“Governor Scott has been clear in his support for DREAMers, including supporting and signing a bill in 2014 that provided in-state tuition for DREAMers in Florida,” spokesperson Kerri Wyland said late Friday. 


Ashley Moody adds pair of Miami pols’ endorsements

Former prosecutor and circuit court judge Ashley Moody added two more endorsements for her Attorney General campaign Thursday, this time from Miami Mayor Francis Suarez and former U.S. Rep. Lincoln Diaz-Balart.

“As elected leaders, there is no greater priority than the safety of those we serve. Our next Attorney General must be prepared to work with agencies and law enforcement leaders from every level to keep our state safe and strengthen our criminal justice system. Ashley Moody has the knowledge and experience needed to hit the ground running and keep us safe. I look forward to working with her to help strengthen the safety and security of our Miami community and I’m proud to endorse her for Attorney General,” Suarez said.

Moody said she was “extremely honored” by the endorsement and that Suarez “understands that in order for cities to flourish we must elect leaders committed to public safety and the protection of those they serve.”

In his endorsement, Diaz-Balart called Moody “a tireless advocate for the Rule of Law.”

“She possesses the experience, fairness, and common sense we need in our next Attorney General. I am proud to support her to succeed Attorney General Pam Bondi. I am confident that Ashley will do a superb job as Attorney General, protecting our state and combating the growing public safety challenges we face,” he said.

Moody said she was thankful for the endorsement and said “Congressman Lincoln Diaz Balart’s track record of service to his community and this country is well known to all he represented. To have his trust, faith, and confidence is humbling. He set a sterling example that all public servants should aspire to emulate.”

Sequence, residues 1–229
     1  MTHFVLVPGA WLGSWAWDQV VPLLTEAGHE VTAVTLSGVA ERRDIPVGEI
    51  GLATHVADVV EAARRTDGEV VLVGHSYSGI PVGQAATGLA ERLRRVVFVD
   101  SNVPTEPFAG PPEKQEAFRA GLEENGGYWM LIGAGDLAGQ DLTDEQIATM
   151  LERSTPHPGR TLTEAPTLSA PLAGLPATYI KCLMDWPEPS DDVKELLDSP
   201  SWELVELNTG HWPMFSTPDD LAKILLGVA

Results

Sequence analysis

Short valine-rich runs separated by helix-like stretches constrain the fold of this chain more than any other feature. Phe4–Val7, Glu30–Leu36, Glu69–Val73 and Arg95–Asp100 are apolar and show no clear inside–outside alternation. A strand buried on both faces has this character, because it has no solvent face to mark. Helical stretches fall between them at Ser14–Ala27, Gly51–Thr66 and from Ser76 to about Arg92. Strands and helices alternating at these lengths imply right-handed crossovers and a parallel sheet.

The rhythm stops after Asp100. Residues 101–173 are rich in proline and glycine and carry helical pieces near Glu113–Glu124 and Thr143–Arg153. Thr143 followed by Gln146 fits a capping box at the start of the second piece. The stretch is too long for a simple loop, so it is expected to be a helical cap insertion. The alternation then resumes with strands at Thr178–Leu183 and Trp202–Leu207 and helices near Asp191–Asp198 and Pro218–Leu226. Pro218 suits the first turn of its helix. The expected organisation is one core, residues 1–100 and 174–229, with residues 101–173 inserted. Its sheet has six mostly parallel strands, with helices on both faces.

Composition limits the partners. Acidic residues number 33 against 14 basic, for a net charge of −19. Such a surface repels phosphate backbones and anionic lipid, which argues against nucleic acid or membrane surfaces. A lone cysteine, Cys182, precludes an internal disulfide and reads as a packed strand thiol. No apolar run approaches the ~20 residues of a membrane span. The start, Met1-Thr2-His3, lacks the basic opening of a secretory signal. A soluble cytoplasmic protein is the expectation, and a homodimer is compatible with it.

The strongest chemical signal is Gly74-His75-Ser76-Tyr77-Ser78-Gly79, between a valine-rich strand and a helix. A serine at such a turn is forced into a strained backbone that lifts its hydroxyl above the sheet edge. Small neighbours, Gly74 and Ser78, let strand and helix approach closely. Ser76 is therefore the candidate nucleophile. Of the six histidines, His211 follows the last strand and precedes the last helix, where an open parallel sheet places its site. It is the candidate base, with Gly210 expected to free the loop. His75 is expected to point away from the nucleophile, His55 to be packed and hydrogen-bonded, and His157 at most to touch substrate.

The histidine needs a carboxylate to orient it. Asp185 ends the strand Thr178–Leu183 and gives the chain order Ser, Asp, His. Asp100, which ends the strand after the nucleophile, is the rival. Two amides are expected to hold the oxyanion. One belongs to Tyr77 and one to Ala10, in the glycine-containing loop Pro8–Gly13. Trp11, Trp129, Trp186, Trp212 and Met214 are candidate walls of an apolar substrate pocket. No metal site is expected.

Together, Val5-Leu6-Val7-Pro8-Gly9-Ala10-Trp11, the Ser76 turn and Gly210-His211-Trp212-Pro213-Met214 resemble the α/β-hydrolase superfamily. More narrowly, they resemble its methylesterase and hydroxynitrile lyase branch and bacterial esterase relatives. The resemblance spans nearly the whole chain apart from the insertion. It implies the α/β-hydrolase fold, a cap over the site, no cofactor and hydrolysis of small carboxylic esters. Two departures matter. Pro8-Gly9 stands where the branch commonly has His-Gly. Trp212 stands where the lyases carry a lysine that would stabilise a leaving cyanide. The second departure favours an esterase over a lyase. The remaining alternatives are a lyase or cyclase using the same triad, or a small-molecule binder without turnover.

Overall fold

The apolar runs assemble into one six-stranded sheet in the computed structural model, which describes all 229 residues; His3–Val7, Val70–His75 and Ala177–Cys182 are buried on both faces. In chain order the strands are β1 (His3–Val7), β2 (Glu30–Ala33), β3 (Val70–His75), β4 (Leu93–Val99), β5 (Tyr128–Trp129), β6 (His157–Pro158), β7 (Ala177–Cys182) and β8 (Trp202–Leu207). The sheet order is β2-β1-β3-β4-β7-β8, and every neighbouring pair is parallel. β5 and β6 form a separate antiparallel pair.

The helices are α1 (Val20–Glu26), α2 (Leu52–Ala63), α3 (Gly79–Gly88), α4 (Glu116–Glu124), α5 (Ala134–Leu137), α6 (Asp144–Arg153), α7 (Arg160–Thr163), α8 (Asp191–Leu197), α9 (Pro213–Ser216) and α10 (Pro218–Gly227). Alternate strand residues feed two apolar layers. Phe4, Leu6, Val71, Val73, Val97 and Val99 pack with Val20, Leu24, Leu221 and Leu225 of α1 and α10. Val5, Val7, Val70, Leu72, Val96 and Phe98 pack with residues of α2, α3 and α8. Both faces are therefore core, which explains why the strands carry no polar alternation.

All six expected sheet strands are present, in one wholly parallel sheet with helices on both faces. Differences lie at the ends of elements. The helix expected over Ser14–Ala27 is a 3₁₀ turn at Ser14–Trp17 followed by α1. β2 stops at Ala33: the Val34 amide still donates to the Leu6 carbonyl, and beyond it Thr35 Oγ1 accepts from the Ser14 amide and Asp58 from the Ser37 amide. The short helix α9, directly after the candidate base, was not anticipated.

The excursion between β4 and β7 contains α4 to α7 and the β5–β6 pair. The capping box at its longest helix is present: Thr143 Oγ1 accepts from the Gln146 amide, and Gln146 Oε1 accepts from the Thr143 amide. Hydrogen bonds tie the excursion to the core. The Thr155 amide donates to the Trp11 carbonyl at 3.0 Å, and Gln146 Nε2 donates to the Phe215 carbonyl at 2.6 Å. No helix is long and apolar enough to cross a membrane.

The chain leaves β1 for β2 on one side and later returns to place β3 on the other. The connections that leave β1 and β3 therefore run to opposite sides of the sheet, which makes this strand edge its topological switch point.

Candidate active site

Suarez and Diaz-Balart join dozens of backers, including more than two dozen sitting county sheriffs, who have lined up behind Moody in what is shaping up to be an expensive and hotly contested primary to replace Bondi, who is up against term limits in 2018.

Moody is running against Pensacola Rep. Frank White, Jacksonville Rep. Jay Fant and Dover Rep. Ross Spano for the GOP nomination. Running for the Democratic nomination are Rep. Sean Shaw and Ryan Torrens, both of Tampa.

White leads in fundraising with $1.95 million on hand between campaign and committee accounts, followed by Moody with $1.2 million in the bank, Fant with just shy of $1 million and Spano with about $50,000.

White’s and Fant’s totals were bolstered by their personal money – White has anted up $1.5 million, and Fant put in $750,000.

Sean Shaw enters AG race, promises contrast to Pam Bondi

Democratic state Rep. Sean Shaw has made it official: he’s running for Attorney General this year, promising if elected to operate differently from term-limited Pam Bondi.

“The people of our state should be able to count on their Attorney General to protect them and to always enforce the rule of law, not have someone more concerned with how their actions will play during their next Fox News hit,” he told reporters at a news conference outside the Florida Supreme Court in Tallahassee Tuesday morning.